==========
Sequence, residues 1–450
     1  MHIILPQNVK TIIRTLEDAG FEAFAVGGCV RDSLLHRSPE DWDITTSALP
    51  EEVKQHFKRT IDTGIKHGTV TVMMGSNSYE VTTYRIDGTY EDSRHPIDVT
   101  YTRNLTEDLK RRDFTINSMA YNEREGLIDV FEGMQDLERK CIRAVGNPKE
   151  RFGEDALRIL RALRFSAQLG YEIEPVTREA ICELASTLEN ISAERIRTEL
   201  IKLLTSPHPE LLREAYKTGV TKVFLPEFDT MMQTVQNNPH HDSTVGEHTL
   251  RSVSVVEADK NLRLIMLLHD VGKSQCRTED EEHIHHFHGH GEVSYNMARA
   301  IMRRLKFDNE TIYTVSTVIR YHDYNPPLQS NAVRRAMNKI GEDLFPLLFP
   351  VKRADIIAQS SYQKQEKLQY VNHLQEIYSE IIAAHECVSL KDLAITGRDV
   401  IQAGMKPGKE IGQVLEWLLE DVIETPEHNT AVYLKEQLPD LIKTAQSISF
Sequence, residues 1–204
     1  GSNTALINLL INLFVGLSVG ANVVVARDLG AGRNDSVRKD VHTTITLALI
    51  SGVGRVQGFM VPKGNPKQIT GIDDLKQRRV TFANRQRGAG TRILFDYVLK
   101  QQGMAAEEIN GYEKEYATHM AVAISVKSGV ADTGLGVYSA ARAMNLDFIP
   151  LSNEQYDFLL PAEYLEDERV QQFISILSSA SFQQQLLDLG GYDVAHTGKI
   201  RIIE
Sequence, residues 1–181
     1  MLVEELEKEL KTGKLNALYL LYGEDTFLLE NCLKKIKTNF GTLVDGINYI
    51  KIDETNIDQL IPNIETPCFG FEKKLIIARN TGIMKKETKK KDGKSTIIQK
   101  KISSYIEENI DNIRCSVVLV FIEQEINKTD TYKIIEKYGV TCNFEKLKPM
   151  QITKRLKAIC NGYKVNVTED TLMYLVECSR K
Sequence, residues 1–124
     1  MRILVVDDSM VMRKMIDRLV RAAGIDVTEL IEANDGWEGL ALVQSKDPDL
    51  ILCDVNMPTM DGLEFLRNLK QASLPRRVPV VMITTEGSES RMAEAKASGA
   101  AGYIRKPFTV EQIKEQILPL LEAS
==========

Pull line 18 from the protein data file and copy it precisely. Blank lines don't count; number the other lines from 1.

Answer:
     1  MLVEELEKEL KTGKLNALYL LYGEDTFLLE NCLKKIKTNF GTLVDGINYI